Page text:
Fort Hood Gunman Told His Superiors of Concerns

KILLEEN, Tex. — Days before he opened fire inside a medical processing building at Fort Hood here in 2009, Maj. Nidal Malik Hasan sent two e-mails to his Army superiors expressing concern about the actions of some of the soldiers he was evaluating as a military psychiatrist.

In the e-mails, one sent 13 days before the attack and the second three days prior, Major Hasan asked his supervisors and Army legal advisers how to handle three cases that disturbed him. In one case, a soldier reported to him that American troops had poured 50 gallons of fuel into the Iraqi water supply as revenge; the second case involved another soldier who told him about a mercy killing of a severely injured insurgent by medics; and in the third, a soldier spoke of killing an Iraqi woman because he was following orders to shoot anything that approached a specific site.

 

The Army never fully investigated his concerns. On Nov. 5, 2009, Major Hasan walked into a medical deployment center to kill as many soldiers as he could as part of a jihad to protect Muslims and Taliban leaders from troops heading to Afghanistan, he has said.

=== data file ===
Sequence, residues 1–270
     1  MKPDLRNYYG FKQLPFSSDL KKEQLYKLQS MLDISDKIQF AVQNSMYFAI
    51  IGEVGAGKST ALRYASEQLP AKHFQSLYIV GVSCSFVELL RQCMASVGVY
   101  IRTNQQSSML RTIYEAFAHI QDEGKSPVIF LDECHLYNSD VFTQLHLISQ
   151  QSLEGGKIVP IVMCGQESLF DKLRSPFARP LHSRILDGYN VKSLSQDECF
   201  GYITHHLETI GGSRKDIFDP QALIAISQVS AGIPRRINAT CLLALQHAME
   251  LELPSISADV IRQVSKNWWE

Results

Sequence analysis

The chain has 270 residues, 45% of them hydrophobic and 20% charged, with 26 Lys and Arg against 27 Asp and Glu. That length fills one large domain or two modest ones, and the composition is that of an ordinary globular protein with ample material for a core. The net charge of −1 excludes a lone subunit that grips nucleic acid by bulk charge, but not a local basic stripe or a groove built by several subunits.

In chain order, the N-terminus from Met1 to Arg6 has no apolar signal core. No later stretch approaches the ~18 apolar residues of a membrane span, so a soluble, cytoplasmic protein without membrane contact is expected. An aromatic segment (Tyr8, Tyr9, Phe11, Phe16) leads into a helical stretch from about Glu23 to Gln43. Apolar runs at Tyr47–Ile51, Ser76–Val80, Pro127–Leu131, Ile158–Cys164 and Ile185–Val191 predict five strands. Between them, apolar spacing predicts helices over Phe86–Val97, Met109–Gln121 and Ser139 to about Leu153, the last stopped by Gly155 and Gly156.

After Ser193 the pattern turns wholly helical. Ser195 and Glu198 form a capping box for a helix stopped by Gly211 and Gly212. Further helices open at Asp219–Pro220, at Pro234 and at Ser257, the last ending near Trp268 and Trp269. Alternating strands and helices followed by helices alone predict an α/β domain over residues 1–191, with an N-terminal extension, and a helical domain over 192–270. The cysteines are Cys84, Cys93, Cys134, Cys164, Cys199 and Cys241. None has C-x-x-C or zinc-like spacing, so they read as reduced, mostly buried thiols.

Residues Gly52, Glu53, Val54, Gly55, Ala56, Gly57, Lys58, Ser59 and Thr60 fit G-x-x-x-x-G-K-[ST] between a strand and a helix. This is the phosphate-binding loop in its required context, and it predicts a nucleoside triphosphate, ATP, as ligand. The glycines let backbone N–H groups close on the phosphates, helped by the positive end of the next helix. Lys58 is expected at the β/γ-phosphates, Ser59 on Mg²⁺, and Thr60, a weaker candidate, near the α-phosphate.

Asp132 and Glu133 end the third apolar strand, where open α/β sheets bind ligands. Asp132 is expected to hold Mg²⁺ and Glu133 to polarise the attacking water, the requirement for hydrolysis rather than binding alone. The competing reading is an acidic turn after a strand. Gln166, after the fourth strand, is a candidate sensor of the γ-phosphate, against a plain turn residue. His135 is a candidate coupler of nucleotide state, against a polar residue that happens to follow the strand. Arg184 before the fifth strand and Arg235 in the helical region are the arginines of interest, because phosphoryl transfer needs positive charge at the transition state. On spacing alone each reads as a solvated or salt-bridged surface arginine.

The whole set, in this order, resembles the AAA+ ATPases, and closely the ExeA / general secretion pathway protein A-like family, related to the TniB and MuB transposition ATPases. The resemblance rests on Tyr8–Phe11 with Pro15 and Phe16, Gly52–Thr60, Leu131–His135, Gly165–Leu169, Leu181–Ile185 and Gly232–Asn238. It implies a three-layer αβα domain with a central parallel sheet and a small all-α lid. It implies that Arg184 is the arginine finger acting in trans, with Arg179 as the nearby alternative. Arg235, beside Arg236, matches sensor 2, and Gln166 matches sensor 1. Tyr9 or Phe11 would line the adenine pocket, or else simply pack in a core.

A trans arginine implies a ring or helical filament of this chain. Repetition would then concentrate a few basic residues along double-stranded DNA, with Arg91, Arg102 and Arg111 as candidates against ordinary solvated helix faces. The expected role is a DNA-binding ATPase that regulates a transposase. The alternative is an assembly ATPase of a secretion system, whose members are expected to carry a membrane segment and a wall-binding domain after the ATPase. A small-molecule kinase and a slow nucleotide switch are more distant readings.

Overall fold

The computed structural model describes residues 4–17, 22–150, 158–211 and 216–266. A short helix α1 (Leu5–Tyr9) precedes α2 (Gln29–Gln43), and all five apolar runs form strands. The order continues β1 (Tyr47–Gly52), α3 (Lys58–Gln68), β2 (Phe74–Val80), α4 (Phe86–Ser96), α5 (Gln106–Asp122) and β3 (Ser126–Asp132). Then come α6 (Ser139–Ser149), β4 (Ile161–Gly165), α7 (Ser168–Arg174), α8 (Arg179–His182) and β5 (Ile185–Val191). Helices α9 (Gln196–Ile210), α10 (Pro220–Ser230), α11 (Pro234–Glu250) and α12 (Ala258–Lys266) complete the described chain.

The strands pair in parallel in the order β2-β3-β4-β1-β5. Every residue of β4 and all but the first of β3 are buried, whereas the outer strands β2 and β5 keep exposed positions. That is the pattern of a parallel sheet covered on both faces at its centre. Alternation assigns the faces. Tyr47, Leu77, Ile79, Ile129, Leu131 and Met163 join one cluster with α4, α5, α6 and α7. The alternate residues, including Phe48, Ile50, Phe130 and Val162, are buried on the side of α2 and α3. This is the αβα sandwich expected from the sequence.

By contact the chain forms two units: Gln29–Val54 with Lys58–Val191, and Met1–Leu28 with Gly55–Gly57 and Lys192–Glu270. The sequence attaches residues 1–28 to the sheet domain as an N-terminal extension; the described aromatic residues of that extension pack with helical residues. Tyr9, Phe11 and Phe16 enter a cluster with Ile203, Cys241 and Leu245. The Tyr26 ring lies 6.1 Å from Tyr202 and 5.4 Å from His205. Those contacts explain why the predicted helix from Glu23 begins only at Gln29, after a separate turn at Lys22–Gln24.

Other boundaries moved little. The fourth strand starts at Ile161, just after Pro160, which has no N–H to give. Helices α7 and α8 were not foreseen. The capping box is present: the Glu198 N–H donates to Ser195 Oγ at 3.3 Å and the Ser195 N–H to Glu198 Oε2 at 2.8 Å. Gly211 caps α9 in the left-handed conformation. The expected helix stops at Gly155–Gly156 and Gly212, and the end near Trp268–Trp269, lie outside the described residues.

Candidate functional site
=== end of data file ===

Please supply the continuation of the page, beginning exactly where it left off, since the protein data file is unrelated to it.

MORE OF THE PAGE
In 2007, when Major Hasan was a resident in the psychiatric program at Walter Reed Army Medical Center in Washington, the academic presentation he made that was required for graduation — known as his grand rounds presentation — stated that a risk of having American Muslims in the military was the possibility that they would murder their fellow troops.

 

He had also asked a supervisor at Walter Reed whether he qualified for conscientious objector status, told classmates during a fellowship that his religion took precedence over the Constitution, and in an academic paper defended Osama bin Laden.

 

Major Hasan’s radical beliefs and his correspondence with his Army superiors have played a limited role in his military trial, now in its third week at Fort Hood.

 

 

Army missed red flags surrounding Major Hasan

The army and officers at Walter Reed Hospital apparently missed warning signs of radicalization in Major Hasan, according to a military review concluded on Friday.

“It is clear that as a department, we have not done enough to adapt to the evolving domestic-internal security threat to American troops and military facilities that has emerged over the past decade. In this area, as in so many others, the department is burdened by 20th century processes and attitudes, mostly rooted in the Cold War,” Defense Secretary Robert Gates told the press.

The army has an idea of who missed what, and intends to take action against the individuals and hold them responsible for lapses in judgment on Hasan’s behavior.

Communication breakdowns in the FBI and Pentagon also led to a failure to act upon Major Hasan’s contact with Anwar al-Awlaki, who has been implicated as a player in Umar Farouk Abdulmutallab’s radicalization case as well.